That was simply not true, especially in Tim’s case. He is dealing with caravans day in and day out, so gets to see and use the latest equipment – before I’ve even heard of it in some cases.

We started on the outside, and Tim was very methodical in his approach. Beginning at the rear offside, he showed us where and how to sort out the toilet and flush, before moving forward to the waste-water outlets (and telling us there was some piping in one of the front lockers for draining the water into a waste container).

Tim and Nigel
Tim guided Nigel through the control panel above the door

He then opened up the battery locker cover to show us how to connect the 230V hook-up lead, and pointed out the caravan TV aerial and satellite connections in there, too.

Still moving forward, Tim showed us the caravan’s fresh-water connection and the external shower point.

Our Coachman Laser 575 Xtra has two front lockers. The one on the offside is for storage, while the one located on the nearside is for the gas bottles. Tim also showed us how to connect the gas supply.

On the nearside, there are a couple of external hatches, giving access to the area under the front settee and the main bed. Tim also pointed out the VIN plate behind the entrance door, which states the tyre pressures and wheel bolt torque settings.

While Tim was showing us around, I gave the external bodywork a good examination to check for any dents and so on, because once you get home, it’s hard to prove if blemishes were there before collection.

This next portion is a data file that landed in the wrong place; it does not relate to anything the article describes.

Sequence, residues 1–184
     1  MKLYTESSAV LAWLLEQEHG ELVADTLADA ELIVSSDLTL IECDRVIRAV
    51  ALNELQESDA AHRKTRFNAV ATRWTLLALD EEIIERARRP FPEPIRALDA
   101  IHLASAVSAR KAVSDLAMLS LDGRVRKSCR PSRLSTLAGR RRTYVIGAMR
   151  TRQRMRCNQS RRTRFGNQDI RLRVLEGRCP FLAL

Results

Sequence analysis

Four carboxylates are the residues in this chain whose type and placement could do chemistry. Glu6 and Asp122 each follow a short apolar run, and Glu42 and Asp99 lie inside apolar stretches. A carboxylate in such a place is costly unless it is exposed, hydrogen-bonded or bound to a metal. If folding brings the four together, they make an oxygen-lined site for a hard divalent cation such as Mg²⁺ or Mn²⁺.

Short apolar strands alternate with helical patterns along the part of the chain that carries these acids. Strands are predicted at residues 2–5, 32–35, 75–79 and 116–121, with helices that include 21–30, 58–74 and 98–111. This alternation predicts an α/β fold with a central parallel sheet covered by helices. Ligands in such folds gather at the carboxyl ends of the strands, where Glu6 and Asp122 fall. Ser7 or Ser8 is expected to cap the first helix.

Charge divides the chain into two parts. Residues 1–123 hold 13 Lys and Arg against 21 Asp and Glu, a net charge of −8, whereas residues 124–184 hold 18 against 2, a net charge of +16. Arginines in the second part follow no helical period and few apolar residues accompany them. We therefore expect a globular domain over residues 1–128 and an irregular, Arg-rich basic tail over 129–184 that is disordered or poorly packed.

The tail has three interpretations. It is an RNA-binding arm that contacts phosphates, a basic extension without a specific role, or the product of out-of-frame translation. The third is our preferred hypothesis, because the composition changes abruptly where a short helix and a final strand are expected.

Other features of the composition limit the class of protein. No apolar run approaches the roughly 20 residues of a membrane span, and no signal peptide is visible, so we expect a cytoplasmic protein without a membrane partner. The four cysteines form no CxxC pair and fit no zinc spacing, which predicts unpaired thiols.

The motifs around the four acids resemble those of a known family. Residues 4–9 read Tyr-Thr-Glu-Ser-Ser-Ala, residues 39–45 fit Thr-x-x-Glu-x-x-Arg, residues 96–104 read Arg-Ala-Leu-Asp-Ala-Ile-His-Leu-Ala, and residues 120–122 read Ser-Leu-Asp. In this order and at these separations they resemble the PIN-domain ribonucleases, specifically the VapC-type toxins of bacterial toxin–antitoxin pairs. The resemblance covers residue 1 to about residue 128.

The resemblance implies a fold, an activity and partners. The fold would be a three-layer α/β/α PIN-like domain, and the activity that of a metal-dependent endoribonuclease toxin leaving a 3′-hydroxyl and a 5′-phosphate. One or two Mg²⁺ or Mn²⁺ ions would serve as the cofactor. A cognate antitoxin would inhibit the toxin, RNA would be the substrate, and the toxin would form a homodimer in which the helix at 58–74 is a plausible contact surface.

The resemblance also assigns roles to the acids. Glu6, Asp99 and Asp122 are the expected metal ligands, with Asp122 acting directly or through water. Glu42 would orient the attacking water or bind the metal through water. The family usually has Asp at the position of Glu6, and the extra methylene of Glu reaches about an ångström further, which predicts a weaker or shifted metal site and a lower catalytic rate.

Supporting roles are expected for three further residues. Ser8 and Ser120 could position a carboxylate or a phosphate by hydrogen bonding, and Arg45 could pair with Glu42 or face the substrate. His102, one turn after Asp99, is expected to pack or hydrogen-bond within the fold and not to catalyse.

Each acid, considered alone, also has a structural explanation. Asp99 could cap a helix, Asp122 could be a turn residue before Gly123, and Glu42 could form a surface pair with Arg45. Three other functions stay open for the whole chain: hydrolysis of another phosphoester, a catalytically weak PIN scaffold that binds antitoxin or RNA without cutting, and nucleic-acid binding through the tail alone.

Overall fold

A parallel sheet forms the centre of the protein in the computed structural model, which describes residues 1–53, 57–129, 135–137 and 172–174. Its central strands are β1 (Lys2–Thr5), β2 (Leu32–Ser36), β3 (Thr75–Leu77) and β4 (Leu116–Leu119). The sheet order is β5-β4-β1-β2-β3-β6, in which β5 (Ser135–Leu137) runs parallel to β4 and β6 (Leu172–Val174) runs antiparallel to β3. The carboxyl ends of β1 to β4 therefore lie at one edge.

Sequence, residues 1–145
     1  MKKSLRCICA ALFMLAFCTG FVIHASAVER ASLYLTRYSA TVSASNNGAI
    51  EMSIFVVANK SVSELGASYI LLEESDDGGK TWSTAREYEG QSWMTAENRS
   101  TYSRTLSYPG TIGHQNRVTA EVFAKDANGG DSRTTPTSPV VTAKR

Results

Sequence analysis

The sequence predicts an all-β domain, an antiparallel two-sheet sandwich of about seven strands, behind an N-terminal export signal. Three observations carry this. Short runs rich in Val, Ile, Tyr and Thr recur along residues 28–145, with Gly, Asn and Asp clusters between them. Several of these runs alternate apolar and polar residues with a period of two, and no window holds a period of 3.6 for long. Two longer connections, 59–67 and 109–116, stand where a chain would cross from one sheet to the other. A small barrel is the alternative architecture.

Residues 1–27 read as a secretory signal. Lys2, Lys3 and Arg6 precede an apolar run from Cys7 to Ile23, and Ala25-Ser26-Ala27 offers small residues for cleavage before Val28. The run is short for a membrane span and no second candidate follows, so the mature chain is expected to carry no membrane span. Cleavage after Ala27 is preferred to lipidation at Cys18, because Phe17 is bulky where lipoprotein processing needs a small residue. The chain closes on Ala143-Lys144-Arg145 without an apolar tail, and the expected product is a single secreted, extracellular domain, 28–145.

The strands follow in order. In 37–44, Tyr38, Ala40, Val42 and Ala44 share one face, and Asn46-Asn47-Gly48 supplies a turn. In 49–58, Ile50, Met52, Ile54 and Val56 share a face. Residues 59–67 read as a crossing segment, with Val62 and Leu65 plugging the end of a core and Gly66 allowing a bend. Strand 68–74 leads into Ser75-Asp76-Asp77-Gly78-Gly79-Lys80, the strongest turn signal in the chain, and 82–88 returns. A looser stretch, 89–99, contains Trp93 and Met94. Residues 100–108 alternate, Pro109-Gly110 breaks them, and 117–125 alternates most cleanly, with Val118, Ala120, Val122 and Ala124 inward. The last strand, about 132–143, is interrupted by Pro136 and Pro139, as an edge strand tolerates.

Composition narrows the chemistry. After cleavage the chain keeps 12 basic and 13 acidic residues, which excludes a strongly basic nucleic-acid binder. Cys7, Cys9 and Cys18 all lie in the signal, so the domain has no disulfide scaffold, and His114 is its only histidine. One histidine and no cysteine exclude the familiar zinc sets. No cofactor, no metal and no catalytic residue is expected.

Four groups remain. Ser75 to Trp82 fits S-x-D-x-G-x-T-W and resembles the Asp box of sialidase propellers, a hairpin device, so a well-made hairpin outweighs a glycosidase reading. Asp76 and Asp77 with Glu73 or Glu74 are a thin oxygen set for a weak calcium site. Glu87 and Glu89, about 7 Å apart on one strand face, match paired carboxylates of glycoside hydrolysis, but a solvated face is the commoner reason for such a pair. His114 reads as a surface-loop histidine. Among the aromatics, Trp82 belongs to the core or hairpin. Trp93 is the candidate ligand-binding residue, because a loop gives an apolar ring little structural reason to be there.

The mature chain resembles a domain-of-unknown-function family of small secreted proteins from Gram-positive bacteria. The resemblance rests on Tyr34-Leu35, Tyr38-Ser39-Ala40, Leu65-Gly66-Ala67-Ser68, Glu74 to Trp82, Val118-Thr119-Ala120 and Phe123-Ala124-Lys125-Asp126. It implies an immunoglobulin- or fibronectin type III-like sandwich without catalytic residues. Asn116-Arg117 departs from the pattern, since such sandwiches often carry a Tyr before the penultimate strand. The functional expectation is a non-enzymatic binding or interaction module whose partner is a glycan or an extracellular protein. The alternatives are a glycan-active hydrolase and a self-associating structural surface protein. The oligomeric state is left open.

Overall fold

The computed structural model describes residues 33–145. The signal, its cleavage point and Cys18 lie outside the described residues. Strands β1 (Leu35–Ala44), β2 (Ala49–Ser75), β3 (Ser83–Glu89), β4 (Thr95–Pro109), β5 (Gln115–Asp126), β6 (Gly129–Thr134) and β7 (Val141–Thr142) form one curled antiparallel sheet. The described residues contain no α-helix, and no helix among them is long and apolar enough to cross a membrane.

Moving inside the van, we started with the control panels above the door. One has the 12V master switch and various switches for lighting (interior and awning – see: the best caravan awnings if you need one) and the water pump, as well as a display for things such as time, battery condition and other settings. The second control panel is for the Alde caravan heating system.

If you’re not familiar with all this, any dealer worth their salt won’t mind you recording things on your phone while they’re doing the handover, and certainly won’t mind explaining things again. After all, you’re spending a lot of money with them, so take all the time you need.

Looking underneat sofa
Tim pointed out what would be found underneath the seating

Most of the information is also in the handbook, so if you can’t remember or don’t manage to record what’s being shown, it should be in there.

Moving on from the door, Tim removed the front settee cushions to show us the area underneath. The nearside space is devoid of equipment, but contains the new step, 230V mains cable and a number of other bits and pieces. On the offside, there’s the Alde boiler, the mains consumer unit, the motor mover control unit and the emergency button to retract the corner steadies (E&P levelling system).

He also pointed out the control unit for the solar panel and the drain taps for the caravan’s water system.

Looking at under bed storage
A good handover will include seeing all of the storage areas

Following on from that was the kitchen, the washroom and underneath the fixed bed, which contains the drain and pressure switch for the onboard water tank.

Looking back, I can’t think of a thing that was missed on the handover.

Once we were happy with the van, it was into Glenn’s office to do the really tough bit – prising my wallet out of my pocket and sorting out the paperwork!

Homeward bound

With all that done, it was time for hitching up the caravan and setting off on the drive home (not forgetting those towing mirrors!). Again, the dealer will help you with this, and why not record the procedure? If connected in the right sequence, unhitching at the other end will simply be a question of doing things in the reverse order.